Putin Holds Talks With Venezuelan, Bolivian Presidents
April 03, 2010
Prime Minister Vladimir Putin has held talks in Caracas with the presidents of Venezuela and Bolivia to discuss deepening cooperation between Russia and the two South American nations.
Putin arrived in the Venezuelan capital on April 2 -- bringing with him the last four of Venezuela's purchase of 38 Mi-17 military transport helicopters.
The Russian and Venezuelan sides are reported to have also signed more than 30 agreements and declarations on deepening cooperation in areas ranging from agriculture to air transport.
Venezuelan President Hugo Chavez, who met with Putin at the Miraflores presidential palace, said Russia has offered to help Venezuela set up its own space industry, including a satellite launch site, and reiterated that Moscow was ready to help Venezuela develop nuclear energy to generate electricity.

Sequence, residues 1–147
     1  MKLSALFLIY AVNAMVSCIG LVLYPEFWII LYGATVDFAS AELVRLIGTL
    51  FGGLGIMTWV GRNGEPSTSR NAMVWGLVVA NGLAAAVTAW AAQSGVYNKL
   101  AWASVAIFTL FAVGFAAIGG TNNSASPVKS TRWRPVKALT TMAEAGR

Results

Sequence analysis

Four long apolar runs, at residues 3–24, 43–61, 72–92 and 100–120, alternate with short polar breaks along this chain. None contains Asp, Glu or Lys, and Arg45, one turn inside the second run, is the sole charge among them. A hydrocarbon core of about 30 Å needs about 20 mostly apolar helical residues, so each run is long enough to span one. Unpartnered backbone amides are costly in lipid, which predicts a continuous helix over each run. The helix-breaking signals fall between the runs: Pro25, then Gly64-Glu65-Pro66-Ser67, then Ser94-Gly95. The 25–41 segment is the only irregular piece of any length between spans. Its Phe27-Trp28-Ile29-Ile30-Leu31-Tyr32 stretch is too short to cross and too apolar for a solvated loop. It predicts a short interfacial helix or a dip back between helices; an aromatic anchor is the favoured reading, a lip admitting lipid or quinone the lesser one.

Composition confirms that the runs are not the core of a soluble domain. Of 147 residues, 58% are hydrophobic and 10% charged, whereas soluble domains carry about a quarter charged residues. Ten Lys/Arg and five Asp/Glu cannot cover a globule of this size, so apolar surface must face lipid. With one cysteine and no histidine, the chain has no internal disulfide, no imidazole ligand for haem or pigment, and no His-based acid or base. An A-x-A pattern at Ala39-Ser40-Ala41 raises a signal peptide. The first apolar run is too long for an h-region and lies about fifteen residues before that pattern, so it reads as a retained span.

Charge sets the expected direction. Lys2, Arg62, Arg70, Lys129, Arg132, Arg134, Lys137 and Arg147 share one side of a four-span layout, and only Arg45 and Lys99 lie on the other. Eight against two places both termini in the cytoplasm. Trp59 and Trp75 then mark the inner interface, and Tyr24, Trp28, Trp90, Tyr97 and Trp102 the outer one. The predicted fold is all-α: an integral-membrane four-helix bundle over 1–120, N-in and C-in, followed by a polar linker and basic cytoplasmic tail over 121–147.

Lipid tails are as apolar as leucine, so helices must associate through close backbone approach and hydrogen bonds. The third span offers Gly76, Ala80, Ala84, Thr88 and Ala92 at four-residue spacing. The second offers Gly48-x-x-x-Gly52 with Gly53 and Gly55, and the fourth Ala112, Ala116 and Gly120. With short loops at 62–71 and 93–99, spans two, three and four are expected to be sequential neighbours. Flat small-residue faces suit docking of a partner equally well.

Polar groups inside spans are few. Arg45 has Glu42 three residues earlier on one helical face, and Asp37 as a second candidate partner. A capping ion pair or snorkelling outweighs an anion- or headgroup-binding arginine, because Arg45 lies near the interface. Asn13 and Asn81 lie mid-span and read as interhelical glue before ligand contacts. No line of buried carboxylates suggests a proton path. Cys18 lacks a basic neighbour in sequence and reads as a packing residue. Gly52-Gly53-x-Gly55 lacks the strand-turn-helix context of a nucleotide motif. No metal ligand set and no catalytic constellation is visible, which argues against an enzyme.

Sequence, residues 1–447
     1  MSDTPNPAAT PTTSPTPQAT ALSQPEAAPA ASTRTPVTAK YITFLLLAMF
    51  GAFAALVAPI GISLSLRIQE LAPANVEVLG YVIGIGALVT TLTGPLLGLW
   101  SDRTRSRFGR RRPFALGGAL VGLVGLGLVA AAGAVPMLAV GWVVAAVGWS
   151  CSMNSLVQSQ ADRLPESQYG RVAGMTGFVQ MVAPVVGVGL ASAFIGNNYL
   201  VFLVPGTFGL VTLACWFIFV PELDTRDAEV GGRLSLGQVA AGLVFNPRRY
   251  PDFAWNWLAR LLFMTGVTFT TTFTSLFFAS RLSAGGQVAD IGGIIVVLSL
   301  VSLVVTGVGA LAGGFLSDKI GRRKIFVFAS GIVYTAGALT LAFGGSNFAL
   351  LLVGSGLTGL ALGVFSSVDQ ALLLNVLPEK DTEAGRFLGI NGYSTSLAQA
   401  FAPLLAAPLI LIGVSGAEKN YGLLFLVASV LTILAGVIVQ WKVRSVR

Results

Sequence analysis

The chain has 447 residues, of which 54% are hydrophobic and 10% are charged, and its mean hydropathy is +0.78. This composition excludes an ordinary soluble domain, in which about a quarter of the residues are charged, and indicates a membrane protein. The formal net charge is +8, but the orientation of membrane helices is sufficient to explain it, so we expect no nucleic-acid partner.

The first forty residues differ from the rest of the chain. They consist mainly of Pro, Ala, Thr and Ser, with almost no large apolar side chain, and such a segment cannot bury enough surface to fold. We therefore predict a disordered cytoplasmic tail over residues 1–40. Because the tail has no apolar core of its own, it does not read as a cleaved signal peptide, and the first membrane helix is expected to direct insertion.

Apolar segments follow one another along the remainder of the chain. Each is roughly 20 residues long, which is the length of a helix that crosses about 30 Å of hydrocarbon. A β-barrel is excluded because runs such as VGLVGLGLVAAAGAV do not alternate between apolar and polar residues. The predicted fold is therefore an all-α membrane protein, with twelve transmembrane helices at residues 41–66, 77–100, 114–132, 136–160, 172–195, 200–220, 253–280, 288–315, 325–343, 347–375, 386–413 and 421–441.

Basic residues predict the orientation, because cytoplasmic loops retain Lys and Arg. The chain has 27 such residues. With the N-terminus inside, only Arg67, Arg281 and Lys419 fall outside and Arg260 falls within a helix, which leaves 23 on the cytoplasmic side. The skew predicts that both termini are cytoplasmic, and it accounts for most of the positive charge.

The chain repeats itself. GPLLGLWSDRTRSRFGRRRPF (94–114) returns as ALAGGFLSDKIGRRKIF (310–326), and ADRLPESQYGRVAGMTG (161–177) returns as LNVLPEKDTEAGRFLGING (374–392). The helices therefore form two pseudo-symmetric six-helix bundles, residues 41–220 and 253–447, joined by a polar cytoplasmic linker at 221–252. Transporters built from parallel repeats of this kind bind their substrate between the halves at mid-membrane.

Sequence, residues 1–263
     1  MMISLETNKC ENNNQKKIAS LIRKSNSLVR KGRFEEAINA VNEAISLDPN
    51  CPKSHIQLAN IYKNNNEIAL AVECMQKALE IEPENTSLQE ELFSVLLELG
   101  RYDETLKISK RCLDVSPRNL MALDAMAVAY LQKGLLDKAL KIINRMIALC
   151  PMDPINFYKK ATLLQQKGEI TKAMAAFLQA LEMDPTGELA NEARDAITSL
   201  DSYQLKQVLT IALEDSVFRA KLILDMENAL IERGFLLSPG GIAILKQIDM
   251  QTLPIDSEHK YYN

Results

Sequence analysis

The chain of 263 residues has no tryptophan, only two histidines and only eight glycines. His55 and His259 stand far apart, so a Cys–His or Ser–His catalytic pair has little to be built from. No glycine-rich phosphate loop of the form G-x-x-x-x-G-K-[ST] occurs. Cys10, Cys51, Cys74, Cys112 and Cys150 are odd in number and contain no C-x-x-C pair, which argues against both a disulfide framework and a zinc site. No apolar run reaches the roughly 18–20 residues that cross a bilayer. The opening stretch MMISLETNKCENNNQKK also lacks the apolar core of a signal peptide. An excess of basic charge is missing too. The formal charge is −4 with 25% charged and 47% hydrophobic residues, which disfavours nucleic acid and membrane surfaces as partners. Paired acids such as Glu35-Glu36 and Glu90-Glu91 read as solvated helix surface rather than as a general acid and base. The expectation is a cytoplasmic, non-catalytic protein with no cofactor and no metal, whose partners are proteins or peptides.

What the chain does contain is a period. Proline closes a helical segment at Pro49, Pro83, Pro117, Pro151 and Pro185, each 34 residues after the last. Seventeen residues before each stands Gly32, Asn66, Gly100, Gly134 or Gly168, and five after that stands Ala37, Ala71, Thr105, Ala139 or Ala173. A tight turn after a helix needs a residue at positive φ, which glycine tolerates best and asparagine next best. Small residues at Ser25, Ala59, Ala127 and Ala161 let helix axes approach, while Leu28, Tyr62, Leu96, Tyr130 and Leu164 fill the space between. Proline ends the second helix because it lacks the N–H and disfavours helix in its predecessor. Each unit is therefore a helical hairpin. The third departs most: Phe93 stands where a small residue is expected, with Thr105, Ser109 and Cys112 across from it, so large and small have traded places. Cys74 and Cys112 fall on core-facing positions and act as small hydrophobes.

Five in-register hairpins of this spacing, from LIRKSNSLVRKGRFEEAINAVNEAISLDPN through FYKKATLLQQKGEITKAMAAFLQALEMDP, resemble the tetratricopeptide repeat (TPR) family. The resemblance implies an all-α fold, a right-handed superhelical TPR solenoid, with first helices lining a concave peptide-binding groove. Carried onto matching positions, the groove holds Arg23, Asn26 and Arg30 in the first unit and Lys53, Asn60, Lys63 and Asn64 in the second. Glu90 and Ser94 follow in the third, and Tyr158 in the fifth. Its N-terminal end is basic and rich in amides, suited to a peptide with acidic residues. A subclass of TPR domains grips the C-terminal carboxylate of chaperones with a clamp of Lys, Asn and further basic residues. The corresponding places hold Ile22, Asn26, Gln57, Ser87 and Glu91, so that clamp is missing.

"As far as nuclear power goes, we have discussed the issue and we are ready to begin the first project to develop nuclear power, for peaceful purposes, obviously," Chavez said.
Another centerpiece of Putin's visit has been the launch of a joint venture between a consortium of Russian firms and the Venezuelan state-run oil company to extract oil from Venezuela's Orinoco River basin. Officials have said they plan on the venture producing 50,000 barrels of oil per day by the end of the year.
Putin said Russia is also prepared to extend a $2.2 billion credit line to Venezuela for more Russian arms purchases.
Putin also held talks in Caracas with Bolivian President Evo Morales, who said Bolivia is seeking a loan from Russia to buy helicopters to combat drug trafficking.
compiled from agency reports
Copyright (c) 2010. RFE/RL, Inc. Reprinted with the permission of Radio Free Europe/Radio Liberty, 1201 Connecticut Ave., N.W. Washington DC 20036.
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